Licensed engineer certified altered photos and submitted misleading application to Buildings. Buildings filed charges against engineer Leon St. Clair Nation after discovering he had certified the accuracy of altered photographs and submitted a false application to alter the second floor of a building which did not have a second floor. Buildings specifically charged St. Clair Nation with violating the City’s rules by knowingly or negligently submitting false or misleading documents.
After a hearing at OATH, the Buildings Commissioner ordered the revocation of St. Clair Nation’s self-certification privileges. The Commissioner also prohibited St. Clair Nation from filing any application or document with Buildings for two years. St. Clair Nation filed an article 78 petition, claiming that the Commissioner lacked the authority to impose the two-year suspension because the construction code provision relied on by Buildings had been enacted after he had engaged in the acts charged against him.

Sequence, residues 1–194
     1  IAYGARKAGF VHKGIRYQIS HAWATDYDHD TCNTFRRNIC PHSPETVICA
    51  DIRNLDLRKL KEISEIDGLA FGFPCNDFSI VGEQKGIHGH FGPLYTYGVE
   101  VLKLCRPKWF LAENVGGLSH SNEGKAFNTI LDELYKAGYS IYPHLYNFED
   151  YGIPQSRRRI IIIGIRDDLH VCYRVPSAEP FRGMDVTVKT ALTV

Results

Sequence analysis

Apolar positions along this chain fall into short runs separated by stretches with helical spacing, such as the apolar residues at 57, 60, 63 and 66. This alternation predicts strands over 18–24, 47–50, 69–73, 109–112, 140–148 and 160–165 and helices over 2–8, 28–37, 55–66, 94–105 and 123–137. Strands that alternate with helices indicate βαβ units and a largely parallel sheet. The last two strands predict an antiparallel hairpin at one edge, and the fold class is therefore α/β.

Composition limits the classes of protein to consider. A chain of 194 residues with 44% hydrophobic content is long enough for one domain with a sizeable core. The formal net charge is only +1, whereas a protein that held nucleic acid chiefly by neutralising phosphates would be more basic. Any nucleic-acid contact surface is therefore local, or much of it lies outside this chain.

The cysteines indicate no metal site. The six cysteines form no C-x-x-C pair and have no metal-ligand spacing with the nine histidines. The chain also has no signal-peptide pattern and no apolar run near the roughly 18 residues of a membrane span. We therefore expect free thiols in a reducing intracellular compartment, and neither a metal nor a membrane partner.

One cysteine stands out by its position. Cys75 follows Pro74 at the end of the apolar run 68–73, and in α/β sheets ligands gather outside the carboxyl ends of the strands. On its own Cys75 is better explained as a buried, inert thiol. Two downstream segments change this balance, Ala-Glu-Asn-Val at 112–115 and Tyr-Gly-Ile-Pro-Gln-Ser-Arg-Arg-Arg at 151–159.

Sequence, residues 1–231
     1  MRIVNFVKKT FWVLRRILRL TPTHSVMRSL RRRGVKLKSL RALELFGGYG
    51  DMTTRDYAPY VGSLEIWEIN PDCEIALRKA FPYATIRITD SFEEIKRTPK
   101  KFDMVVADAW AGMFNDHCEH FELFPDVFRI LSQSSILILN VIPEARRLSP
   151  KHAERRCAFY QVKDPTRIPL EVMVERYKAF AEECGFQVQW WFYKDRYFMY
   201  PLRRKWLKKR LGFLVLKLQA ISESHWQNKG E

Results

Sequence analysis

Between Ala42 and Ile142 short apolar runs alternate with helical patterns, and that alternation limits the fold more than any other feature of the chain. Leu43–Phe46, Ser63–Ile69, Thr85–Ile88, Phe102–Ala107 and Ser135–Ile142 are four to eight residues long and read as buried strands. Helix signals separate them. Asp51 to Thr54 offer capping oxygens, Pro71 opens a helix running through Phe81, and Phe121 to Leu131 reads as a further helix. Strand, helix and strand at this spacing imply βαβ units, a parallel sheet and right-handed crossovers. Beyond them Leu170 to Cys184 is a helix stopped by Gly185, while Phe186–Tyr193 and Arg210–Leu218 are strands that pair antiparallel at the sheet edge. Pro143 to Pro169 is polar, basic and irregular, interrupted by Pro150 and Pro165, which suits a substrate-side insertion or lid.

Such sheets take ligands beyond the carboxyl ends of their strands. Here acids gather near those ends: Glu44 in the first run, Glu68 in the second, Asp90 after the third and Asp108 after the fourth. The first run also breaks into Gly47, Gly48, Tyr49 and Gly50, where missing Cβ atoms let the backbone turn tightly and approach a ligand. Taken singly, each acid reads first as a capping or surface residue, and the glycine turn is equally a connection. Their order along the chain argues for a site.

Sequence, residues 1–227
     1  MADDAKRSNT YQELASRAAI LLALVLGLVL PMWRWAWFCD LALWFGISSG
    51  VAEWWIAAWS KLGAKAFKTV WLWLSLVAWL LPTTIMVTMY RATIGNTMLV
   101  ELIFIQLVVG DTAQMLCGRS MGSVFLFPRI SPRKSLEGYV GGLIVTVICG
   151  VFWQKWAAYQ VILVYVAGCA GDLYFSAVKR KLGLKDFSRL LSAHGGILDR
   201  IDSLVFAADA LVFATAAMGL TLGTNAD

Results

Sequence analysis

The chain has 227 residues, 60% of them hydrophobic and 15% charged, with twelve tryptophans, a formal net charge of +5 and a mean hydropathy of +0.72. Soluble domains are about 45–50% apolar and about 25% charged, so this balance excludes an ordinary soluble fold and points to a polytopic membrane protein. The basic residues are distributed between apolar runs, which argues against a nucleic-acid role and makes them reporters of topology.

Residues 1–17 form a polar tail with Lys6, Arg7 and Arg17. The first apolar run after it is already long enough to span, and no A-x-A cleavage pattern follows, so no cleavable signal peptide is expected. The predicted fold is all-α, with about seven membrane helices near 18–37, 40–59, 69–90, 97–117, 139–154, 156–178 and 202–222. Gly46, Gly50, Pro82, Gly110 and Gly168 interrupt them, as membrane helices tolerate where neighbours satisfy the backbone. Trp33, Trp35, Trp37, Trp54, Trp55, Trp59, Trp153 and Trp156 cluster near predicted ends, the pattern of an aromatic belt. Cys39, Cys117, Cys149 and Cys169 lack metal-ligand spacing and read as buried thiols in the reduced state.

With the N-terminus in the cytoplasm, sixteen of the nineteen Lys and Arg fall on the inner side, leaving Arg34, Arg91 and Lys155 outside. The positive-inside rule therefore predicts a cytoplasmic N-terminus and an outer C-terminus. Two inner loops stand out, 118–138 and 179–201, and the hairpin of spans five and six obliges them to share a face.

The First Department upheld Buildings’ decision to revoke St. Clair Nation’s self-certification privileges but also ruled that the two-year suspension could not stand because the construction code provision did not take effect until after St. Clair Nation had committed the acts. 6 CityLand 63 (May 15, 2009).
The Court of Appeals reversed the First Department, ruling that the Commissioner could rely on the construction code provision as a basis for the suspension. Although St. Clair Nation’s actions occurred prior to the effective date of the code provision, applying the provision in this instance would not be considered a retroactive application, because the code provision aimed to regulate future professional eligibility and not past conduct.
St. Clair Nation v. City of New York, 2010 N.Y. Slip Op. 03471 (N.Y. Apr. 29, 2010). (Attorneys: Gregory Chillino, for St. Clair Nation; Cheryl Payer, for NYC).